Saving Mr Banks (2013)


Where to start with the absolute joy that is Saving Mr Banks? Maybe from the beginning when it was announced Tom Hanks would be playing Walt Disney and Emma Thompson would be taking the role of P L Travers, the author of Mary Poppins. Add in the storyline of how Mary Poppins was transferred from page to screen and all of my dreams suddenly came true. Aside from the film production plot, it also has the story of Mrs Travers’ (never anything else, especially Pam) childhood which for fans of her book is an amazing addition as it shows where she drew inspiration from for her beloved book. So we have Tom Hanks as Disney in a film about the making of Mary Poppins with Emma Thompson playing Mrs Travers reflecting on her childhood as rehearsals take place around her. Amazing. And then I sat down to watch it.


Emma Thompson gives Maggie Smith a run for her money as the uptight Mrs Travers who “cannot abide” cartoons and is horrified at the prospect of her book being made into a musical. She stalks around in tweed suits with a tight lipped expression permanently on her face making demands of Walt Disney and his team which they must abide by as she has refused to sign the rights over. Her expressions and put downs would make Maggie Smith proud, especially during the first rehearsal when she demands to know what “ext” means on her script. After being told it’s an abbreviation she asks if it can be changed and replies with “I will” to the chorus of “Nobody will see it”. She’s a wonderful character and it’s hard not to love her as her flashbacks to her childhood show us why she is like she is. Tom Hanks is equally brilliant as Walt Disney as he drags Mrs Travers to Disney World and hands out presigned cards to fans. Together they make a wonderfully mismatched pair fighting the same battle on different sides.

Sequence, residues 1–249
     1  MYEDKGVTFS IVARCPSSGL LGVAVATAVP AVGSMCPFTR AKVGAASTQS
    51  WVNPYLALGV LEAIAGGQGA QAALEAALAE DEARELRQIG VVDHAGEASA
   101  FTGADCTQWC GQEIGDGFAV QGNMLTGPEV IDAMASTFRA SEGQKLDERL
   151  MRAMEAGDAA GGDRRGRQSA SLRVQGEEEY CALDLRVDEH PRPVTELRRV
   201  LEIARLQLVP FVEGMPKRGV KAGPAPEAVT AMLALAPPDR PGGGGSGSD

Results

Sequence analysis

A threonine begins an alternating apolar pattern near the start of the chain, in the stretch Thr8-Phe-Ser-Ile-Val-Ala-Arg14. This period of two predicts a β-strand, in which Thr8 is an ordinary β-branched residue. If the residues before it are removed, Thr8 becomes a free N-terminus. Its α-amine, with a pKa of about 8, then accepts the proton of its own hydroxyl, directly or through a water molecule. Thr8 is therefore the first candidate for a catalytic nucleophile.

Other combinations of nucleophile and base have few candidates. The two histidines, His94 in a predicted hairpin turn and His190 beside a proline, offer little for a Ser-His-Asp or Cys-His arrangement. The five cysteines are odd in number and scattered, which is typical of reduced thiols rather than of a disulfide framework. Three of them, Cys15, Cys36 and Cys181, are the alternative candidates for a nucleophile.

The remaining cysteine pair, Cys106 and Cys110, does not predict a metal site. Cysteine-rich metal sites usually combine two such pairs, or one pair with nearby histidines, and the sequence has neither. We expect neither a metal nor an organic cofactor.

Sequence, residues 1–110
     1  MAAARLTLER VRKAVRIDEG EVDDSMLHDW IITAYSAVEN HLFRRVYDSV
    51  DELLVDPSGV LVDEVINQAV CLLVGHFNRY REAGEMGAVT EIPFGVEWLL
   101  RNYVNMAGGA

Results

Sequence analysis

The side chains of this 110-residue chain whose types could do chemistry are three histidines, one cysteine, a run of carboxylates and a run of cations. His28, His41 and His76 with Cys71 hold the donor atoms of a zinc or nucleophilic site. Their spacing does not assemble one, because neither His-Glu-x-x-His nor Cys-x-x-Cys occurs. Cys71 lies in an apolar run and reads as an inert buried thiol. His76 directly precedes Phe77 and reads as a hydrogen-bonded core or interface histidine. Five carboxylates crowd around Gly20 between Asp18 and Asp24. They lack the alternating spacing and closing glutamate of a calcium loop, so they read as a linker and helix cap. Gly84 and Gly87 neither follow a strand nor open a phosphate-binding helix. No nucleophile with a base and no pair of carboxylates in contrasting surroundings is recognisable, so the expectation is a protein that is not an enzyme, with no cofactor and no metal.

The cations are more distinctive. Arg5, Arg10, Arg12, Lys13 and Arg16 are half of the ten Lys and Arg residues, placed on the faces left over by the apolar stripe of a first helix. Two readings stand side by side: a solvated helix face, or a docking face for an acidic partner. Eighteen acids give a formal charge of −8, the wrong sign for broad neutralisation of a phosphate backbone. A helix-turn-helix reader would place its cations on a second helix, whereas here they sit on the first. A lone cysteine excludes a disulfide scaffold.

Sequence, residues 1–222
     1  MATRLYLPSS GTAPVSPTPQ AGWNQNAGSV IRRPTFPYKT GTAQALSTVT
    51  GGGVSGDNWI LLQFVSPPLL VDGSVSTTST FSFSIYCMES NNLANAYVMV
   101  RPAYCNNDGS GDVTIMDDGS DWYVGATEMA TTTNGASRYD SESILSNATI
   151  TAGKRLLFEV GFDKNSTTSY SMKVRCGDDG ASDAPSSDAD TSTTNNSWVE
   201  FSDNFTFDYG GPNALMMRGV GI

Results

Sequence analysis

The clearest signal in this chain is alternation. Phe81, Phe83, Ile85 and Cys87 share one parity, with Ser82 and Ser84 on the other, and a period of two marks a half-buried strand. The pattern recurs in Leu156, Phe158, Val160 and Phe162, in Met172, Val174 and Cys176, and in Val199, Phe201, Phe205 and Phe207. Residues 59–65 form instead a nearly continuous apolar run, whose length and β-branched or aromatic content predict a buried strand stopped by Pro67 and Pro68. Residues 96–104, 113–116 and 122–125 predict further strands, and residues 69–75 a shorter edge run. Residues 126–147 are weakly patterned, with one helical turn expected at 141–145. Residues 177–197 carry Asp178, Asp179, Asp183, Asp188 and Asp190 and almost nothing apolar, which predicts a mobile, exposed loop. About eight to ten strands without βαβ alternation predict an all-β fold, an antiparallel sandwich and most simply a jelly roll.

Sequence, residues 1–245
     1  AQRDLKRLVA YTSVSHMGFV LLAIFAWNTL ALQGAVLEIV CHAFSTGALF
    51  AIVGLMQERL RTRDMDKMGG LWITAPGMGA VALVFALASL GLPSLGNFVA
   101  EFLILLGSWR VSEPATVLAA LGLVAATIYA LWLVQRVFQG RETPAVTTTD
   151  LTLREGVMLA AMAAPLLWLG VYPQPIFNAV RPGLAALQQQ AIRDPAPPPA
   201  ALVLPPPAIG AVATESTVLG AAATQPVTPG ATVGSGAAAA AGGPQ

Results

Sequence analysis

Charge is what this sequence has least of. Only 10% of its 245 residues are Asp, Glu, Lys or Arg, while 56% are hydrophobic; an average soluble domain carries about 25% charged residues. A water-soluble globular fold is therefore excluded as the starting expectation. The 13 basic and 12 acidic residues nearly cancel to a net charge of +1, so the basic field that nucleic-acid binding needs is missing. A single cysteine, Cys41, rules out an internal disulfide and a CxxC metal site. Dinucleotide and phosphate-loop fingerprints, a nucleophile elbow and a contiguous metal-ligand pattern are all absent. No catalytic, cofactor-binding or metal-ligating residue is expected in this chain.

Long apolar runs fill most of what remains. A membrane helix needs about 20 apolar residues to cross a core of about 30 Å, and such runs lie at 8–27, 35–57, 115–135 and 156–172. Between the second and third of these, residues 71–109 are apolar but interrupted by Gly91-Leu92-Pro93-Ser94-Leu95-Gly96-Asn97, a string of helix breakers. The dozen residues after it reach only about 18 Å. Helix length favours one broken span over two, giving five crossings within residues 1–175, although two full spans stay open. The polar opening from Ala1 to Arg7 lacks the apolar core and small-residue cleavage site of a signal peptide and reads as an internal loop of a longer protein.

I can’t leave this review without writing about my favourite scene. I’ve been singing Let’s Go Fly A Kite for days now and it’s all due to this one scene. Of course, throughout the film the songs from the musical pop up in rehearsal scenes and the score is based around Chim Chim Cher-ee. But the one time we’re allowed to listen to an entire song is in the glorious scene when the writing team performs Let’s Go Fly A Kite for Mrs Travers. In previous scenes, she doesn’t look impressed as songs are played for her but here something changes. Her feet start tapping, her face softens and all of a sudden she’s dancing and singing along. It’s a lovely scene filled with joy and the promise of the amazing film Mary Poppins would become. If I could watch it on a loop I would.


Suffice to say Saving Mr Banks was everything I hoped it would be, and more. My poor fellow critics who had to put up with me immediately afterwards will probably testify to just how giddy with joy I was. This film is joy personified. It’s sharply funny, touching and involves Jason Schwartzman singing some of the songs from Mary Poppins. It will have you crying with happiness (I genuinely had tears of joy running down my face) and singing for the foreseeable future. As an extra bonus, during the end credits there’s a recording of one of the actual rehearsals that took place with Mrs Travers herself explaining the character of Mr Banks to the writing team. It’s a wonderful way to end such a lovely film, and a wonderful way to end a brilliant London Film Festival.


Director: John Lee Hancock
Writers: Kelly Marcel, Sue Smith
Stars: Emma Thompson, Tom Hanks, Colin Farrell, Ruth Wilson, Paul Giamatti, Jason Schwartzman
Runtime: 125 min
Country: USA

Film Rating: ★★★★☆

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